Classic watches, watchmaking, antique tools, history, vintage ephemera and more!

Learn about mechanical timepieces and how they work, the history of the American watch industry and especially all about the Elgin National Watch Company! Check back for new content daily.

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Elgin Grade 75, With Before Images

Here are a few "before" photos I took while disassembling this next watch. This isn't the worst I've seen, but I would say it is well in need of cleaning.

Here we see the Swiss style, perpendicular, pallet. This escapement design is style by far the most common in mechanical watches today.
The upper plate has a very wide opening for the barrel. Installing it is no trouble at all.
The secondary serial number stamps are prefixed with an 'E' like symbol.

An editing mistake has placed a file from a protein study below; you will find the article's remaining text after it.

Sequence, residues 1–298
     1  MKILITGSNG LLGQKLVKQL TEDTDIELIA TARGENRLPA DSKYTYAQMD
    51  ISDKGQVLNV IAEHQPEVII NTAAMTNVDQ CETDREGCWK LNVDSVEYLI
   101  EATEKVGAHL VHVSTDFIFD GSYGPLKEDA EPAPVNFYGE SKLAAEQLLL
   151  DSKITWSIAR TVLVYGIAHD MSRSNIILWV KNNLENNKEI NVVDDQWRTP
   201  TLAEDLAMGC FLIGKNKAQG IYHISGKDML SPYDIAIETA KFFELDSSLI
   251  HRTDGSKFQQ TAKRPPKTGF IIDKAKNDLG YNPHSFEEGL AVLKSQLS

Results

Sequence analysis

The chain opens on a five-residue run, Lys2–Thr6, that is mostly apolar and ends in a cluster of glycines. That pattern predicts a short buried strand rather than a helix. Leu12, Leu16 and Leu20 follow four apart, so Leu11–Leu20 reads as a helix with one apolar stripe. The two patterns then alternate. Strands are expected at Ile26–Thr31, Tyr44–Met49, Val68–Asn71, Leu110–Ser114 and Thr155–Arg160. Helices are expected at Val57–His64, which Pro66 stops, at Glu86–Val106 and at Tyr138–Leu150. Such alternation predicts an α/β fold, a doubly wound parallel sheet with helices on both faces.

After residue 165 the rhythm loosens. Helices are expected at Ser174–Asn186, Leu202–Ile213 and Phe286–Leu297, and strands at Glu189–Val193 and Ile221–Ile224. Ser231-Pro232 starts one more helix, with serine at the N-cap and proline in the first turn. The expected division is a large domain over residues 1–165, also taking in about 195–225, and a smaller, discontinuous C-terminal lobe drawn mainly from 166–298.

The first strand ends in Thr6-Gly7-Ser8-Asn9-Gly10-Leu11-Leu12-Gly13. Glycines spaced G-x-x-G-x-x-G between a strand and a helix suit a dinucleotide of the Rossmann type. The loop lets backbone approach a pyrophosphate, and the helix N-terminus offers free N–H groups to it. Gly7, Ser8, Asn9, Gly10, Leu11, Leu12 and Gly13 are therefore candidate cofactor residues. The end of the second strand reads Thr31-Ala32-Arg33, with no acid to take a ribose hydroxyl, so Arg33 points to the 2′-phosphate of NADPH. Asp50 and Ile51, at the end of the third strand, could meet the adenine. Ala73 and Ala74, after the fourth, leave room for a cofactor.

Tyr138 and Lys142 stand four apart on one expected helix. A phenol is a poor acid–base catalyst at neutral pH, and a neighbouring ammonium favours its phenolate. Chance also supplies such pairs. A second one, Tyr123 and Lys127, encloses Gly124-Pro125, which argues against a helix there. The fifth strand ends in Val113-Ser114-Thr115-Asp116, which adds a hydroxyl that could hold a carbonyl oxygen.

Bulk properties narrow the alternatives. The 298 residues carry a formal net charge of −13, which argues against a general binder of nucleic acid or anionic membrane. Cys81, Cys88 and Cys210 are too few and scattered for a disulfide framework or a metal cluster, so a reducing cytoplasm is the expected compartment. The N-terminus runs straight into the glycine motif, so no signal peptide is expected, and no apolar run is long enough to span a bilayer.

This watch case had a problem that makes for a chance to show how a typical stem-setting case works.

Most American watches use a "negative setting" system. The default position is for setting mode, but a sleeve-like spring in the neck of the case allows the stem to "snap" inward and be held in winding mode. The snapping is entirely a function of the case.

On this one, the sleeve was too weak and worn and it was possible, without taking care, to pull the stem all the way out of the neck. None of the parts are broken, just too worn. The sleeve and stem can be tricky to replace. One advantage of the negative setting system is that cases are more or less interchangeable. These interface parts are often custom made or altered to fit a given case/movement combination. Luckily, I found a sleeve that is the same part, but much less worn. This will work a lot better. It's lucky because this sleeve is unusually large. It's an odd type.

By the way, "positive setting" mechanisms are usually found on Swiss, and modern, watches. On these the snapping mechanism, and the stem, are part of the watch movement and the case just has a plain tube out the the crown. The default mode on a positive setting keyless works is winding.

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